In this article, we will share facts about the Great Salt Lake, a lake located within the American state of Utah. It is the largest salt water lake that is on the western side of the Mississippi River, and the biggest lake in the Western Hemisphere. The modern Great Salt Lake comes from Lake Bonneville, a freshwater lake that formed during the last Ice Age. Lake Bonneville was 135 miles wide, 1,000 miles deep, and 325 miles long.
The Great Salt Lake that we know of today emerged roughly 10,000 years ago. It was first explored thoroughly in the year of 1843 by one John C. Fremont and his party. A few years later, the Latter-day Saints arrived and began using the islands located at the lake for cattle and picnics while using the lake itself for swimming and enjoyment.
Lake Bonneville was a freshwater lake. But as it began to shrink, the salt and other minerals within became more and more concentrated within the water. Due to the accumulation of this salt with no ability to flow into an ocean, the body of water became a saltwater lake.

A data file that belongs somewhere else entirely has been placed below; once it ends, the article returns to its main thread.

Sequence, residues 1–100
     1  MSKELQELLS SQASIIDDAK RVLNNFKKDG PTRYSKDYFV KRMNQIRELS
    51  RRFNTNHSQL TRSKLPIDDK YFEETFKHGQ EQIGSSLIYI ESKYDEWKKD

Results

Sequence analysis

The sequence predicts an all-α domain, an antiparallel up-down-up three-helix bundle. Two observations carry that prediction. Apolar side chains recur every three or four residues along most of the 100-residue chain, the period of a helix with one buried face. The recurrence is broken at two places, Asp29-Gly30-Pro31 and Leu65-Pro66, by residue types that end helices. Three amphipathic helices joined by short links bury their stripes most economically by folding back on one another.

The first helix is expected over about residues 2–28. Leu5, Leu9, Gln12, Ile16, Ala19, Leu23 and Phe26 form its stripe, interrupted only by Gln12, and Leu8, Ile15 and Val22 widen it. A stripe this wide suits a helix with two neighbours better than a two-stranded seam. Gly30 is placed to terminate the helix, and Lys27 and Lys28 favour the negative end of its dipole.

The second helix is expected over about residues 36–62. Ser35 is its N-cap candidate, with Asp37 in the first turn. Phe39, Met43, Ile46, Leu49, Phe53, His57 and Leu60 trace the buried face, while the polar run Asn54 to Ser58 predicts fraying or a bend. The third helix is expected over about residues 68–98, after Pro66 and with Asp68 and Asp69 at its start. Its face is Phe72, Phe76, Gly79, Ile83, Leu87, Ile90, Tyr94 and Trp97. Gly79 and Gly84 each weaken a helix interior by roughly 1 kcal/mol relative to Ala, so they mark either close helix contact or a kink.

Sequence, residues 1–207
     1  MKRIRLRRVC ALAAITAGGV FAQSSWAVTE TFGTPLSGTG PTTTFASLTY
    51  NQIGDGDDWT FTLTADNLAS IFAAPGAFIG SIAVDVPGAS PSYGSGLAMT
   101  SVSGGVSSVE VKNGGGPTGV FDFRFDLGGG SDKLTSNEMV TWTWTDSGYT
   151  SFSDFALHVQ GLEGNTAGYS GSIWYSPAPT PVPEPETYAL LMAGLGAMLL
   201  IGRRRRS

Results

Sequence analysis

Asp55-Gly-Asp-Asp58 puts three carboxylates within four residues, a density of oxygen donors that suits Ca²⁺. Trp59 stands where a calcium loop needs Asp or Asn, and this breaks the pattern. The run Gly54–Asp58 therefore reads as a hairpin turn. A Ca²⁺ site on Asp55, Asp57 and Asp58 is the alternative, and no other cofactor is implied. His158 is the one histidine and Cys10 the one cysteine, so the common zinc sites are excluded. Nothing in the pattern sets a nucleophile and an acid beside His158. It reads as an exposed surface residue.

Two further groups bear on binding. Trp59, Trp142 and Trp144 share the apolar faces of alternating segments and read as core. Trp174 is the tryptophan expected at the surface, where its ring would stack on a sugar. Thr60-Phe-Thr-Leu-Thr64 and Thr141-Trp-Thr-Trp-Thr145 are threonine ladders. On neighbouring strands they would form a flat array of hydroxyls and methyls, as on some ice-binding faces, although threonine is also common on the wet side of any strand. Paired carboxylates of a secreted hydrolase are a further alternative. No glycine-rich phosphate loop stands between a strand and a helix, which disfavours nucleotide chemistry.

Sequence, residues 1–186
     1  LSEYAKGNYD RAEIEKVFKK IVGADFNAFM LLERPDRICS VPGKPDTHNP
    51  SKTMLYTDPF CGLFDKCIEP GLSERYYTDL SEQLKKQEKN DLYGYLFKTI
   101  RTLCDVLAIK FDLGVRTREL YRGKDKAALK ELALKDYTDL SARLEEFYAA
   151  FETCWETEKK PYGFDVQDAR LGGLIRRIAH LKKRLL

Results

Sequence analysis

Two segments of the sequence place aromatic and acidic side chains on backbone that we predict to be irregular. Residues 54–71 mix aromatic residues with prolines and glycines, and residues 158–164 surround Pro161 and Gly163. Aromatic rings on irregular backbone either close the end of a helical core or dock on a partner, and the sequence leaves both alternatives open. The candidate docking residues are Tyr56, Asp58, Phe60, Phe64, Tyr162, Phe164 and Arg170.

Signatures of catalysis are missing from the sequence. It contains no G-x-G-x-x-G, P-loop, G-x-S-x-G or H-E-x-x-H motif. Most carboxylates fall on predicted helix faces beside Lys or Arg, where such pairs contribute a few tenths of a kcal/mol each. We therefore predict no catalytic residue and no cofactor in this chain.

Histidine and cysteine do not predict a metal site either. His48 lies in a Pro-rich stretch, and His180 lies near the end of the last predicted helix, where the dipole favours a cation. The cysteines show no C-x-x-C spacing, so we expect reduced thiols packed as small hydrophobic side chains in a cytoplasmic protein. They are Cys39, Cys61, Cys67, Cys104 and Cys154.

The lake has become a refuge for birds in the middle of migration. They feed and grow at the lake before it is time for them to continue on. The species of birds that stop for refuge at the Great Salt Lake include the bald eagle, barn owl, and the northern harrier, just to name a few.
In conclusion, the Great Salt Lake is not only the body of water that influenced the naming of Salt Lake City but a lake that is known for its size, minerals, and refuge for a lot of species of bird each year. It will certainly be wonderful to see how the lake continues to evolve throughout the years.